assignment of a referee. In problem-solving session, we accumulate data – in all forms and all opinions
without comment or criticism. Even opposite viewpoints will be listed, rather than debated. We let the
information do the talking, not emotions (see, also, Chaos, below).

1 CCCC’s statistical success with users of the hidden factors is a 30% performance increase and an ROI of 34:1.

2. Human Temperament
Just as each human looks different from the other, so the brain of each is different. Your 750 trillion
synapse connections are clearly different than mine. They are hardwired in; the leopard does not change its
spots. You are either aggressive or passive or somewhere in between. You are either thrilled by being
attentive to details, or you hate fussy details (or somewhere in between). You have either an optimistic or
a pessimistic outlook (or between). You relish connecting with people or you tend towards preferring to be
a Lone Ranger (or between). Training can help us overcome some of the deficiencies that come with the
territory of any of these temperaments, but under pressure, we all revert back to our true colours. The basis
for all current-day psychological behavior, human recognition of temperament is as old as Hippocrates of
350 B.C., who first identified its four categories. This treasury of understanding of why people do the things
that they do has been ignored by current societies in general and by businesses in particular which waste
their time focusing on people’s weaknesses and set out to change the unchangeable leopard’s spot. Just as
we do not ask a soprano to sing a base note, we are wasting our time to teach shy Mabel how to be a suave
public speaker.

Recognizing, and not criticizing, people’s temperament, allows CCCC clients to focus on, and take
advantage of, an individual’s strength and to accept the temperamental weaknesses. With CCCC’s
guidance, companies specify the temperament required for each position and then hire or assign a person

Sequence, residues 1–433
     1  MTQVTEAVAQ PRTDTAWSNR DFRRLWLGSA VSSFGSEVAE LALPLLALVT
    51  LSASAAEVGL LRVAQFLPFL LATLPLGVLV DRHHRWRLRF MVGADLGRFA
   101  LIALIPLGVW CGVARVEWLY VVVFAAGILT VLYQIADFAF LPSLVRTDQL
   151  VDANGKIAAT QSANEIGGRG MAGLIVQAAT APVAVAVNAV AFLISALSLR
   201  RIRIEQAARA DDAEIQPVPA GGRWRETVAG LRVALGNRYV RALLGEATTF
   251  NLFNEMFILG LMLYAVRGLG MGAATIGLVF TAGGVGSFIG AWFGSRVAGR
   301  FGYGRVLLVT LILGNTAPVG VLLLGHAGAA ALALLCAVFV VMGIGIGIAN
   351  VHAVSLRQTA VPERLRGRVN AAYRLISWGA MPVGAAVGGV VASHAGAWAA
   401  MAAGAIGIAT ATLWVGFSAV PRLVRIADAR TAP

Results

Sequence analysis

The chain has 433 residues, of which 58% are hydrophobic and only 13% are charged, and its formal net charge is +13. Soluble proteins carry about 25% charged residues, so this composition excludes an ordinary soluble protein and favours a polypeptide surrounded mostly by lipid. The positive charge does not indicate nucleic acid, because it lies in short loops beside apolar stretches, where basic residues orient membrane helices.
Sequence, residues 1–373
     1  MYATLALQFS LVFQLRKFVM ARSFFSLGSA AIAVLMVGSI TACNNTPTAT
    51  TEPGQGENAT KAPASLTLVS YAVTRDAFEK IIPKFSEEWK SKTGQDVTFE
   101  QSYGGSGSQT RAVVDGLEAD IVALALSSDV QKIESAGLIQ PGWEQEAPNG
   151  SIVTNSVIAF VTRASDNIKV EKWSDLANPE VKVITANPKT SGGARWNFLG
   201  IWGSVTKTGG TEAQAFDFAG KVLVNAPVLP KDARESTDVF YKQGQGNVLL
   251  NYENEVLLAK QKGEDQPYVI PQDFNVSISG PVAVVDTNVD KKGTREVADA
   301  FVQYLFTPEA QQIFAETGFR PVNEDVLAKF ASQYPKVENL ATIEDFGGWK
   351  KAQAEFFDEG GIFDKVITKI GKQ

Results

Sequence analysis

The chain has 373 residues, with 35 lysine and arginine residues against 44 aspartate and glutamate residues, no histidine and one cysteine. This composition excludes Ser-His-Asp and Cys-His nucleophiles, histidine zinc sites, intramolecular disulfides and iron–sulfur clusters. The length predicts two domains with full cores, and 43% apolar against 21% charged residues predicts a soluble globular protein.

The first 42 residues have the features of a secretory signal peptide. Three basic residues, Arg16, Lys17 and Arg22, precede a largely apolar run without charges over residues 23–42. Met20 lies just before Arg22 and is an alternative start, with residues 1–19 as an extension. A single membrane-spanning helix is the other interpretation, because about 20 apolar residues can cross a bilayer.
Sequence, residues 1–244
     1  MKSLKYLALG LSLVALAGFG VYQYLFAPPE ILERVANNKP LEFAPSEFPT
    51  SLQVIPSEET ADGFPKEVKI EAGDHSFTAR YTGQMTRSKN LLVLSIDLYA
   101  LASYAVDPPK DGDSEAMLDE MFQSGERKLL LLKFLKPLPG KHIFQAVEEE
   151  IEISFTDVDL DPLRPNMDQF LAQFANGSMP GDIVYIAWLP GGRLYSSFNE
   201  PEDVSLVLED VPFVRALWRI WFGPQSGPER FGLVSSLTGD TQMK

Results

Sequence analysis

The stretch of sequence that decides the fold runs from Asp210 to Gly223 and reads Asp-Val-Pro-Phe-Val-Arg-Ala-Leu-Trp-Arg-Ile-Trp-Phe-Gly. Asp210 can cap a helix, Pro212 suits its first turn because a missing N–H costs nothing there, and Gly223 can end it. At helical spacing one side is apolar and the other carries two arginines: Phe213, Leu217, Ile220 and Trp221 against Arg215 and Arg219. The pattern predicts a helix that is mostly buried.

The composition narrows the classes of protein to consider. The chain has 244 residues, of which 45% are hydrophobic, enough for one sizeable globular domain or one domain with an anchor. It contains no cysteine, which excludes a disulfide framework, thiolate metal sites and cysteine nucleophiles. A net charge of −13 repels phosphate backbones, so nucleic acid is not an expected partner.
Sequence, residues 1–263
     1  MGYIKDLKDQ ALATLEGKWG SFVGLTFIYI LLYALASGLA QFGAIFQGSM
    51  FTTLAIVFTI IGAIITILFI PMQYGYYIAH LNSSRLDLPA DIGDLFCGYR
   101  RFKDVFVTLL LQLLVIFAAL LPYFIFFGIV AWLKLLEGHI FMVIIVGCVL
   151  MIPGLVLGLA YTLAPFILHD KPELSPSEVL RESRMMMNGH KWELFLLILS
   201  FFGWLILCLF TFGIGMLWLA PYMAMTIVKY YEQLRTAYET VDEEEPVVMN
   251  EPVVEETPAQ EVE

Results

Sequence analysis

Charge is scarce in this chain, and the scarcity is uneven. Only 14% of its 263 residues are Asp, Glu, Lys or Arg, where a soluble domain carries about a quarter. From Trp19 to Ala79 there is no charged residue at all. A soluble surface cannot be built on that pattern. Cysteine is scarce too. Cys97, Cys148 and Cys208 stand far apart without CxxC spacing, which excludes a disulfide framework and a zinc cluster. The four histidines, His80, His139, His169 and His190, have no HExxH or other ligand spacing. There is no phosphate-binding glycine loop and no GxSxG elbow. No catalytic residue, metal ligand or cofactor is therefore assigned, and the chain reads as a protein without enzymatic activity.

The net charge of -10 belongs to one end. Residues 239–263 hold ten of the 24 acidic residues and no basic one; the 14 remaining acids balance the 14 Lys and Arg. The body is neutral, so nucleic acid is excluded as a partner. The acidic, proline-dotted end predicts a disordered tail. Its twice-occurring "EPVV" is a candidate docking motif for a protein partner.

who identifies well with that temperament. Result: better success at hiring, happier employees, greater
productivity, and the mood of the company shoots up like a rocket.

3. Chaos Theory
While we will offer a few words now about chaos, a separate paper will be provided later by CCCC
on this most complex member of our trio. Chaos is now recognized as a regular part of the four-stage cycle
of all endeavors of: steady-state, linear growth, rapid growth and finally exponential growth (chaos),
whether it be to describe the cycle of locusts in Africa or the rise and fall of a great corporation.

Chaos theory in our every-day world is like many aspects of a Scrabble game. (i) You build from
what you have; you cannot plan a Scrabble game 10 moves ahead. (ii) Do not be surprised at coincidences
(we can show mathematically that the high incidence of coincidence should be expected as long as there are
no constraints: the more I travel, the more likely I am to meet someone I know in some remote place; the
more I shoot the puck at the net, the more likely it is to go in, even if it bounces off of a shoulder).

The usefulness of chaos in business, is to accept the idea of just to go and try something even if you
can’t predict how things will fall out. Let it happen and then build from that. (Of course, you must plan
carefully too. The CCCC advice is to balance the two approaches.) CCCC has its clients use chaos theory
in CCCC’s proven success in (a) problem solving, (b) hiring staff, (c) planning (d) conducting meetings and
(e) sales.

Good luck with (1) defusing, (2) turning personalities to your advantage and (3) getting things done.